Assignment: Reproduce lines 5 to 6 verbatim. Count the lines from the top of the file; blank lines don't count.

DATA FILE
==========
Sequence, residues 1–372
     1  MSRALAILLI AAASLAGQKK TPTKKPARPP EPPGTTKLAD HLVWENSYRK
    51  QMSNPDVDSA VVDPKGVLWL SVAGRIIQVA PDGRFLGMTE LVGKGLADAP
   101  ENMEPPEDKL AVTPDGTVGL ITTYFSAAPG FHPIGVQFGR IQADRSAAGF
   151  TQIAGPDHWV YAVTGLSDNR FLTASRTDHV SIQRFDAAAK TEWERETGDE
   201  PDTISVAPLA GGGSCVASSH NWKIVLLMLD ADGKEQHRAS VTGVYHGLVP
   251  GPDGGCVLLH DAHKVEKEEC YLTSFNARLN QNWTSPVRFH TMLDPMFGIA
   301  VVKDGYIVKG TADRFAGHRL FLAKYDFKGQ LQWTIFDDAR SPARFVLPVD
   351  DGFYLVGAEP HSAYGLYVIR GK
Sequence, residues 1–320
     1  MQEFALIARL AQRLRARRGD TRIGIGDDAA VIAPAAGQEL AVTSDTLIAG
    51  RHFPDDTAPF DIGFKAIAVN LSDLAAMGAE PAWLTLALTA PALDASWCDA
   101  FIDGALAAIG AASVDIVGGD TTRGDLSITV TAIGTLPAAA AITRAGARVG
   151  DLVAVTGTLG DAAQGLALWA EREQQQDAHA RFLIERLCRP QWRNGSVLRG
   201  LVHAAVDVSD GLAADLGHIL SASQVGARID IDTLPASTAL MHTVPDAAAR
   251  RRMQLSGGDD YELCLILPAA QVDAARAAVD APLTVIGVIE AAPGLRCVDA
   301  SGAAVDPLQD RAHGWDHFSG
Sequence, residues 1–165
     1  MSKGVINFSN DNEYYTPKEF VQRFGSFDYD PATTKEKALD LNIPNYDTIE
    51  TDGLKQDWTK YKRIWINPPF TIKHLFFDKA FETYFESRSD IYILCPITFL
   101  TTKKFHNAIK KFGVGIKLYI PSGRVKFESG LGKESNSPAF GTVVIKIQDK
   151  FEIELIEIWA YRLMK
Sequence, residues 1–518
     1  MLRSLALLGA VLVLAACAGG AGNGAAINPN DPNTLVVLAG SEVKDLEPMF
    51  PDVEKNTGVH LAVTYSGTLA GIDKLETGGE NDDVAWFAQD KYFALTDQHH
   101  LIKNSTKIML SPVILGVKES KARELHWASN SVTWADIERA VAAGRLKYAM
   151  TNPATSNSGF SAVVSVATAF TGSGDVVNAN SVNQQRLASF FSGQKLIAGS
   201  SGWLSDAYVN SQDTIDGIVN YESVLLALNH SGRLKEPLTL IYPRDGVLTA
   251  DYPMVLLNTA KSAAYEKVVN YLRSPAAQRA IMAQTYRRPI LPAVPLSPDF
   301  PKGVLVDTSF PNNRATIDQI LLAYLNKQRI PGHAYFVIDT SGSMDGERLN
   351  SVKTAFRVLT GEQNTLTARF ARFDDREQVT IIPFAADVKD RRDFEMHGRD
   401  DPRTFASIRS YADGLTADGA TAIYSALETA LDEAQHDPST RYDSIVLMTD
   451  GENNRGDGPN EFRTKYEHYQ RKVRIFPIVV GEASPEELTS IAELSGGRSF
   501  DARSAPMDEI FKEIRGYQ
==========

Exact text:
   151  TQIAGPDHWV YAVTGLSDNR FLTASRTDHV SIQRFDAAAK TEWERETGDE
   201  PDTISVAPLA GGGSCVASSH NWKIVLLMLD ADGKEQHRAS VTGVYHGLVP